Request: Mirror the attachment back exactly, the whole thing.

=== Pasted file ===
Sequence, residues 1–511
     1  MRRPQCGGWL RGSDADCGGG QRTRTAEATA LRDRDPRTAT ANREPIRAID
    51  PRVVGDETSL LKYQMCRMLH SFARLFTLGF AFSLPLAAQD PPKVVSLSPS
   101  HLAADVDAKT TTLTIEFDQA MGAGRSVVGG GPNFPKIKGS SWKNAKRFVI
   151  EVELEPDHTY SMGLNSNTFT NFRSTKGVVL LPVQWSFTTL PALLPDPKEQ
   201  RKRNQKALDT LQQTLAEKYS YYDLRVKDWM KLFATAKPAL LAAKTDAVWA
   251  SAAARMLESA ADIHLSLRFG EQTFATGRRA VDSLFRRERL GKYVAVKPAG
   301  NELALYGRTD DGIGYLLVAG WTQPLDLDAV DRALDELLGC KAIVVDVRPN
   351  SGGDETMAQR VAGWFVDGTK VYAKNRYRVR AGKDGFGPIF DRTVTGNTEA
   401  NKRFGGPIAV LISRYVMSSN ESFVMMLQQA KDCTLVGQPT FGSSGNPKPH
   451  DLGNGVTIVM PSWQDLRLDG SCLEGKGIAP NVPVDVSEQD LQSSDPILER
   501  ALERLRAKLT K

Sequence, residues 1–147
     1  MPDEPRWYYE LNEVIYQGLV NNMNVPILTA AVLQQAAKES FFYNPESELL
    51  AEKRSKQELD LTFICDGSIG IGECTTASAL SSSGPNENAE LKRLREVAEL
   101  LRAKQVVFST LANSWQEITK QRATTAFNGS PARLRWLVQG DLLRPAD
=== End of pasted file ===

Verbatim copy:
Sequence, residues 1–511
     1  MRRPQCGGWL RGSDADCGGG QRTRTAEATA LRDRDPRTAT ANREPIRAID
    51  PRVVGDETSL LKYQMCRMLH SFARLFTLGF AFSLPLAAQD PPKVVSLSPS
   101  HLAADVDAKT TTLTIEFDQA MGAGRSVVGG GPNFPKIKGS SWKNAKRFVI
   151  EVELEPDHTY SMGLNSNTFT NFRSTKGVVL LPVQWSFTTL PALLPDPKEQ
   201  RKRNQKALDT LQQTLAEKYS YYDLRVKDWM KLFATAKPAL LAAKTDAVWA
   251  SAAARMLESA ADIHLSLRFG EQTFATGRRA VDSLFRRERL GKYVAVKPAG
   301  NELALYGRTD DGIGYLLVAG WTQPLDLDAV DRALDELLGC KAIVVDVRPN
   351  SGGDETMAQR VAGWFVDGTK VYAKNRYRVR AGKDGFGPIF DRTVTGNTEA
   401  NKRFGGPIAV LISRYVMSSN ESFVMMLQQA KDCTLVGQPT FGSSGNPKPH
   451  DLGNGVTIVM PSWQDLRLDG SCLEGKGIAP NVPVDVSEQD LQSSDPILER
   501  ALERLRAKLT K

Sequence, residues 1–147
     1  MPDEPRWYYE LNEVIYQGLV NNMNVPILTA AVLQQAAKES FFYNPESELL
    51  AEKRSKQELD LTFICDGSIG IGECTTASAL SSSGPNENAE LKRLREVAEL
   101  LRAKQVVFST LANSWQEITK QRATTAFNGS PARLRWLVQG DLLRPAD